4. What about the prospects for monetary and fiscal easing?

In a slow growth environment, where political uncertainty is an overhang, the Federal Reserve (Fed) would ensure that monetary conditions remain accommodative. This is despite Chairman Powell expressing a high hurdle to move rates either way at the Oct 2019 FOMC meeting. I see the possibility of 1-2 insurance rate cuts of 25 bp in 2020, either driven by negative episodes or by further softening economic momentum. Obviously, with interest rates near historic lows, and in the negative territory for Europe and Japan, the effectiveness of further monetary easing is questionable. Fiscal policy will have to do more of the heavy lifting.

China has already eased both fiscal and monetary policies over 2018 to 2019. More of such policy actions will yield diminishing results. China’s growth could fall below 6% in 2020. Meanwhile, Japan’s consumption tax hike from 8% to 10% in Oct 2019 will impact household spending in 2020. However, the stimulus from the 2020 Tokyo Olympics as well as targeted budgetary measures to support spending should help mitigate.

In the US, fiscal stimulus largely from the Tax Cuts & Jobs Act 2017, has waned over 2018 and 2019. The Republicans could move to introduce fresh budgetary measures – already President Trump had declared that he would give “very, very inspirational” tax cuts for the middle class, but these would probably meet with Democrat resistance. Overall, we will likely see limited fiscal expansion in the US. The optics of the US fiscal balance is also not great. The Congressional Budget Office is already projecting a USD 890 billion deficit for the new financial year (Sep 2019 to Sep 2020), which widens the budget deficit to 4.6% of GDP. Introducing any election year giveaways would quite easily push the deficit back above USD 1 trillion or 5% of GDP.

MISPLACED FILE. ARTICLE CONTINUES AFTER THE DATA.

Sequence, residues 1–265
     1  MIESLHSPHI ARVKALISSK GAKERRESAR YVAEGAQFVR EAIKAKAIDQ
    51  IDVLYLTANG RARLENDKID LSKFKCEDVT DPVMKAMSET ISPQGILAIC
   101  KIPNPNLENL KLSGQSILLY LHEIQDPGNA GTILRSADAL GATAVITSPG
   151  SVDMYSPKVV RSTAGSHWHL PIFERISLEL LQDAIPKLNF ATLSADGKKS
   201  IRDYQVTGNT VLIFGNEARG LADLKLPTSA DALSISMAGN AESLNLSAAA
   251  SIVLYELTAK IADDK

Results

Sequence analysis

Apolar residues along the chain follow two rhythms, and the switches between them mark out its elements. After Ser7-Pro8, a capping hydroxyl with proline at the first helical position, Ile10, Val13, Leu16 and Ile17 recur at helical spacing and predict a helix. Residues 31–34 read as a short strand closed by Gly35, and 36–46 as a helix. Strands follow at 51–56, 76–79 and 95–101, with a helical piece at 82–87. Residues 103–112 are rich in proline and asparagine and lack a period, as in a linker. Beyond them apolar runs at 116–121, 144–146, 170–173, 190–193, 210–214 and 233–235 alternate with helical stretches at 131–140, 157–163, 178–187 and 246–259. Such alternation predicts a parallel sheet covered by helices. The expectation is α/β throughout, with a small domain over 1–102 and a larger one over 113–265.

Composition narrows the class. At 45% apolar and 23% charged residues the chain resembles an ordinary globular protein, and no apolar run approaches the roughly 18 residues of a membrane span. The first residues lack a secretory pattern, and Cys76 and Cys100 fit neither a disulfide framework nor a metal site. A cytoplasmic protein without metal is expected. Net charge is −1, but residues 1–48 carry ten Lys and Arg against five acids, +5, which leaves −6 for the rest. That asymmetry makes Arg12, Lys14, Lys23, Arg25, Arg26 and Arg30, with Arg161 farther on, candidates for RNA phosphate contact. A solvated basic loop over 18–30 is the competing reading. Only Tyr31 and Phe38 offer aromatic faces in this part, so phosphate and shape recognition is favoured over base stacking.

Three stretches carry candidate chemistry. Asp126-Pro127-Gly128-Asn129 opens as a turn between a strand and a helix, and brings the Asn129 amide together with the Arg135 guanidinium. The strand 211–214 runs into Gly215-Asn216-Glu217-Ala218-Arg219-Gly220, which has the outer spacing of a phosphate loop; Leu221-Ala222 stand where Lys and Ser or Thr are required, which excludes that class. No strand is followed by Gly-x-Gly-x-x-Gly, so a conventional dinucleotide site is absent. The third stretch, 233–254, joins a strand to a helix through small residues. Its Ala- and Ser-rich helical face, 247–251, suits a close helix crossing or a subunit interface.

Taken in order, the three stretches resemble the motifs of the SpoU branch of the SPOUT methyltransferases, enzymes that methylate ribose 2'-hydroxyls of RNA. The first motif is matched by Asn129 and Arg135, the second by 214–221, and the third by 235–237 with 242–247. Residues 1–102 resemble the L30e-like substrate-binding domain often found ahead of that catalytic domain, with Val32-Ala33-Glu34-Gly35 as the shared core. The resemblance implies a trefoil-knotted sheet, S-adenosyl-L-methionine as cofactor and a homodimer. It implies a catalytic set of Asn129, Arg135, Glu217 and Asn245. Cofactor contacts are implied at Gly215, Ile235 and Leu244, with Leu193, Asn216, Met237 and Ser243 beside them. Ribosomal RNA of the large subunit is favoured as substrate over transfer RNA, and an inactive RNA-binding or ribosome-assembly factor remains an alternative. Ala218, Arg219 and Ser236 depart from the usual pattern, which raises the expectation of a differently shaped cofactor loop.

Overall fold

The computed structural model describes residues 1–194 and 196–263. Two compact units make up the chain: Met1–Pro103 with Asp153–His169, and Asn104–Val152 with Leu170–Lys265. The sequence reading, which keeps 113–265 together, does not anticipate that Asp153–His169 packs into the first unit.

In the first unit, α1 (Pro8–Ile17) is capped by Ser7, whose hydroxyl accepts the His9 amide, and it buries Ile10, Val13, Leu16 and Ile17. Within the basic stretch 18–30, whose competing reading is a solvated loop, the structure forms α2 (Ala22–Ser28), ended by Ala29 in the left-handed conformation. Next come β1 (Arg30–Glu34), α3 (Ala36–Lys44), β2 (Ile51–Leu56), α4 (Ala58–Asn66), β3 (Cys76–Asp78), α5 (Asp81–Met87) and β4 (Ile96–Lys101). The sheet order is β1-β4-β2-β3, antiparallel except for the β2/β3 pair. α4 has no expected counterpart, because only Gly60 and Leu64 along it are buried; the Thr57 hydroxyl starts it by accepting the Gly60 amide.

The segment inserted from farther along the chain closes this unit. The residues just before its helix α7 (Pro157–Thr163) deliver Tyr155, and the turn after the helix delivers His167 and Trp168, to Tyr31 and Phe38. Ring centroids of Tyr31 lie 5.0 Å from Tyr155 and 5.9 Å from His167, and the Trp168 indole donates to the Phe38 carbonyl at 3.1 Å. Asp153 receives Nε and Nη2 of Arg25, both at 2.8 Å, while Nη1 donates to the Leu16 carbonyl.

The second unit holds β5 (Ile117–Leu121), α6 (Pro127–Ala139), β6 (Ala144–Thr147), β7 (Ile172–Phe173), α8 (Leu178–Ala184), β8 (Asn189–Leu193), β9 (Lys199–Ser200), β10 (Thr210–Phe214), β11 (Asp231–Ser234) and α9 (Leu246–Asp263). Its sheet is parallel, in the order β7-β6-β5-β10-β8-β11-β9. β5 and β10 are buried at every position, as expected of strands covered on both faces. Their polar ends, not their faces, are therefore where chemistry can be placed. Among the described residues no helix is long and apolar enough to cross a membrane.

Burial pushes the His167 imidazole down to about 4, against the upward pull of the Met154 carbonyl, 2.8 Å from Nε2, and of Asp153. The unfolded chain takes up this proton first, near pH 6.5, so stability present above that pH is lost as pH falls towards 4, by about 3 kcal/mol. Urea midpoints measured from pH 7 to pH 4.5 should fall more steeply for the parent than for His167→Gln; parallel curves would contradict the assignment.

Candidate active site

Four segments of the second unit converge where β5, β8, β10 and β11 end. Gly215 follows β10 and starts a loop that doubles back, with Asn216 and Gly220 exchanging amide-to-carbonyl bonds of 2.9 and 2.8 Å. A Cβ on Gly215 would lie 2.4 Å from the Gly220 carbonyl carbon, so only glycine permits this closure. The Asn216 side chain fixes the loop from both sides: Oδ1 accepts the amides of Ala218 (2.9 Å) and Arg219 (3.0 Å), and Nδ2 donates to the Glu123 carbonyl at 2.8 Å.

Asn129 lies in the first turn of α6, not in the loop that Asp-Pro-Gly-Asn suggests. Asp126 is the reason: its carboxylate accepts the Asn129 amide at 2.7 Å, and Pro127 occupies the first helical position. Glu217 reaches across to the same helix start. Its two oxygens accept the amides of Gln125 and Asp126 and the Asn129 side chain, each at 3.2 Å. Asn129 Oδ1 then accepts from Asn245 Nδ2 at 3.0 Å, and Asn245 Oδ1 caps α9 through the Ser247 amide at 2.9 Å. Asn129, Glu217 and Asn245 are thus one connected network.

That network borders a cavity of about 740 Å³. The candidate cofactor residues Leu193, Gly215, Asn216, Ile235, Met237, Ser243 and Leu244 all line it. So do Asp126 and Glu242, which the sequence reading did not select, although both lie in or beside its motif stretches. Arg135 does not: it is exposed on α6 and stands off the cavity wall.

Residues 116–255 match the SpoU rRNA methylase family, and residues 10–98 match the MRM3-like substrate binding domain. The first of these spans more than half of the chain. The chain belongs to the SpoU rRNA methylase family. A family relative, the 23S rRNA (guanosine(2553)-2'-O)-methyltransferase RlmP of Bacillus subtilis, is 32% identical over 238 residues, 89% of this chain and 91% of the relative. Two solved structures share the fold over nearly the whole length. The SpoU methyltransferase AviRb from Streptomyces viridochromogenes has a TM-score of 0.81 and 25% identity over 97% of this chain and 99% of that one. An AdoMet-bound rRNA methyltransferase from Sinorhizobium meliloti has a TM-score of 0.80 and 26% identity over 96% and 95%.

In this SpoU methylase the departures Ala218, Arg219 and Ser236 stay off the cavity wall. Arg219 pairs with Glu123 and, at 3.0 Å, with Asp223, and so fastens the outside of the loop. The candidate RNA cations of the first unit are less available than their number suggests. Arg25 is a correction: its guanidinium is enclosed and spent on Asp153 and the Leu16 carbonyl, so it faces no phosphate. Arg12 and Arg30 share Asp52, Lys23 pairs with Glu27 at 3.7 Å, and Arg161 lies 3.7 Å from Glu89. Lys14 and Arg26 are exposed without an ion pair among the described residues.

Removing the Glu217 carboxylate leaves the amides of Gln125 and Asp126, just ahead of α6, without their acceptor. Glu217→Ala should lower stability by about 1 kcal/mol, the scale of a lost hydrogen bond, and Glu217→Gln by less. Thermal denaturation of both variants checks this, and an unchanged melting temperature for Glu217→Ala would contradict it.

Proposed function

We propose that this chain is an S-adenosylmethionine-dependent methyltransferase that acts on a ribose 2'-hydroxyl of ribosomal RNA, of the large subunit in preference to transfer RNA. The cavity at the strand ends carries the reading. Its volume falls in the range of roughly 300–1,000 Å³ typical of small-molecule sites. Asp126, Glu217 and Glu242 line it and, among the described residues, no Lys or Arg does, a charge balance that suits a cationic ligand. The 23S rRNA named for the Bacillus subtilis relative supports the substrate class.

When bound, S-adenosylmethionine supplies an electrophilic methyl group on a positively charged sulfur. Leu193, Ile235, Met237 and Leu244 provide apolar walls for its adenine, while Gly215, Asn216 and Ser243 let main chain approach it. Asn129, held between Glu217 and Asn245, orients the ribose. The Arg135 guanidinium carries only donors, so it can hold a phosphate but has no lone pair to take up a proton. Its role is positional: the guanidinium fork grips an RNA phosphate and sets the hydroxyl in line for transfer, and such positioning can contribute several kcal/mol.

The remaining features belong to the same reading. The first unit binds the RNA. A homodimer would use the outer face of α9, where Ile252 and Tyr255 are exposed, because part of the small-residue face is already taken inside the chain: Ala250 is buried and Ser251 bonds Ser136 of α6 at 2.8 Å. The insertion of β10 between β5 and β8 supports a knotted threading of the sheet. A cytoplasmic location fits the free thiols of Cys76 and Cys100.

Over in the Eurozone where fiscal discipline ranks highly, we may see member countries push for more fiscal measures. This is particularly so in Italy, and even in Germany given its recession-like economy. Any significant pump-priming, however, would be a surprise.

5. Where are the opportunities for investors?

I expect global equity markets to be underpinned by continued earnings growth and major equity indices to see further gains in 2020 on the back of benign inflation and easy monetary conditions. The extent of the gains may however be capped. Equity market valuations (e.g. price-to-earnings ratio) tend to be compressed during periods where there are major political events. This is particularly so for the S&P 500 which is currently trading at a forward price-to-earnings ratio of 18 times, which is on the high side by historical standards.

Within equities, the sweet spot for investors appears to be in large capitalisation stocks in the developed markets where there is relative safety given slower global growth and overhanging political concerns. Emerging Markets are better valued versus developed markets. Value stocks in Asia are also very attractively priced and may outperform going forward as investors shy away from growth and momentum-driven stocks whose valuations are stretched. Many investors have been enamoured by the glamorous, faster-growing companies in the technology sector which now appears to be a crowded space.

As for fixed income, G3 government bond markets are likely to stay range bound given the steady to easier policy of the respective central banks. Investment grade credits are also in a sweet spot, supported by accommodative central bank policy and sounder corporate fundamentals. They can potentially give investors more stable incremental returns in a less robust economic climate. While the attractive carry in Asian high yield credit should help to underpin bond returns on the back of supportive liquidity and interest rate conditions, investors should stay selective.